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Integral proofs that 355/113>π. (English) Zbl 1181.11077

Introduction: “One of the more beautiful results related to approximating π is the integral

0 1 x 4 (1-x) 4 1+x 2 dx=22 7-π·(1)

Since the integrand is nonnegative on the interval [0,1], this shows that π is strictly less than 22/7, the well known approximation to π. The first published statement of this result was in 1971 by D. P. Dalzell [Eureka 34, 10–13 (1971)], although anecdotal evidence [see J. M. Borwein, The life of Pi, history and computation, seminar presentation 2003, available from http://www.cecm.sfu.ca/~jborwein/pi-slides.pdf, March 2005] suggests it was known by Kurt Mahler in the mid-1960s. The result (1) is not hard to prove, if perhaps somewhat tedious. A partial fraction decomposition leads to a polynomial plus a term involving 1/(1+x 2 ), which integrates immediately to the required result. An alternative is to use the substitution x=tanθ, leading to a polynomial in powers of tanθ. We then apply the recurrence relation for taking the integrals of powers of tanθ. Of course, the simplest approach today is to simply verify (1) using a symbolic manipulation package such as Maple or Mathematica.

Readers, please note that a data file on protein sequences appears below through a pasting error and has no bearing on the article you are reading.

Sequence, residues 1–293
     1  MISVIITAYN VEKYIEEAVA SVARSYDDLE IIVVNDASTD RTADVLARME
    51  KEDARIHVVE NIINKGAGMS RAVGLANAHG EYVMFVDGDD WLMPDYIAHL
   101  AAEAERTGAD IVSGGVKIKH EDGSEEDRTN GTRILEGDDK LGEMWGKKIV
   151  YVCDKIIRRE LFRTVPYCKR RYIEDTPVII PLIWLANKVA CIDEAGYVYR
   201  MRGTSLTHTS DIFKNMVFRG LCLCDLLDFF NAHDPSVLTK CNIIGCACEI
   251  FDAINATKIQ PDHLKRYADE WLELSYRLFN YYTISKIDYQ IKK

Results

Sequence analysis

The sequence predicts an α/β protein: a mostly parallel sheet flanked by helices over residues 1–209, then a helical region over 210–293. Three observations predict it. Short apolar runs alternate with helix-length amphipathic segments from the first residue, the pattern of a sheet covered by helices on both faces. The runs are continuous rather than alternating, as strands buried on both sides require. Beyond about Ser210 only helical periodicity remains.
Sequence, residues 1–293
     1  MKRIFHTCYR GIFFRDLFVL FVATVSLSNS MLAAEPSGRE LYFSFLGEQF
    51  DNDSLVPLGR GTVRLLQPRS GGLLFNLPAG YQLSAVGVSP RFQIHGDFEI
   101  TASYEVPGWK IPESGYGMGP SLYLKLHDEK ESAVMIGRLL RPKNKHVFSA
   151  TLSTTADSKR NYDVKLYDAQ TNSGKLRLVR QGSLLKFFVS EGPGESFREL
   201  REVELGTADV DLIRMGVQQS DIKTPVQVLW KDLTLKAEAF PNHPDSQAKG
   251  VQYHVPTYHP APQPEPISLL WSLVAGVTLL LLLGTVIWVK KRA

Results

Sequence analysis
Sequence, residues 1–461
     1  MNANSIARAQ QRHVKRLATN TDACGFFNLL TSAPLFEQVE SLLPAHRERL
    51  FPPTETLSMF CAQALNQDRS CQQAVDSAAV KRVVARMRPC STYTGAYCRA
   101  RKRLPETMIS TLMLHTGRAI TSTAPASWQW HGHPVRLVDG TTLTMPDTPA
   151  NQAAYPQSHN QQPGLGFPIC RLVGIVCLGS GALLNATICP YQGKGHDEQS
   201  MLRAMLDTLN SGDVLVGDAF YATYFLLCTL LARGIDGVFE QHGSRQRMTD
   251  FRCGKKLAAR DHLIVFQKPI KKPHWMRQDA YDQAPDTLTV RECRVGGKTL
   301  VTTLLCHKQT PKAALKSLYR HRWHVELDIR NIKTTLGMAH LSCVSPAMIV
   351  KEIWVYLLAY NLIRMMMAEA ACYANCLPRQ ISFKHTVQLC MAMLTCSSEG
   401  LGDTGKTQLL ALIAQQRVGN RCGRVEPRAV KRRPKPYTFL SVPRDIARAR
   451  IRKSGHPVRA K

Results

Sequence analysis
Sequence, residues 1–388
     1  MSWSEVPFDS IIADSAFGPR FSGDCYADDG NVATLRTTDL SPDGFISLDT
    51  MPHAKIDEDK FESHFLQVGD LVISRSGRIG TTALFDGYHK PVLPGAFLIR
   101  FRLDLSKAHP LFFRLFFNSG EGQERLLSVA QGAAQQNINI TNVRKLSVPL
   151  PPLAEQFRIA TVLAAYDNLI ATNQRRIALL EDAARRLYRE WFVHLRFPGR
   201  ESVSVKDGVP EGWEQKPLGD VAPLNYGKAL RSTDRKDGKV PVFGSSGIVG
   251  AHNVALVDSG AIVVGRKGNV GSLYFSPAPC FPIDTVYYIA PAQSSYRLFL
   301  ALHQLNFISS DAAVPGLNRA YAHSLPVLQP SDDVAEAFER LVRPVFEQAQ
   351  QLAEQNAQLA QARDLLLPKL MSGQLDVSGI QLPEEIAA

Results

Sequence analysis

An obvious question at this point might be whether similar elegant integral results can be found for other rational approximations for π. A particularly good approximation is 355/113, which is accurate to seven digits. Our aim here is to find a variety of such integral results.”

However, despite several variations of the style of integrand, no simple and elegant result was found.

The article is highly recommended as a basis of an undergraduate project.

MSC:
11Y60Evaluation of constants
Software:
Maple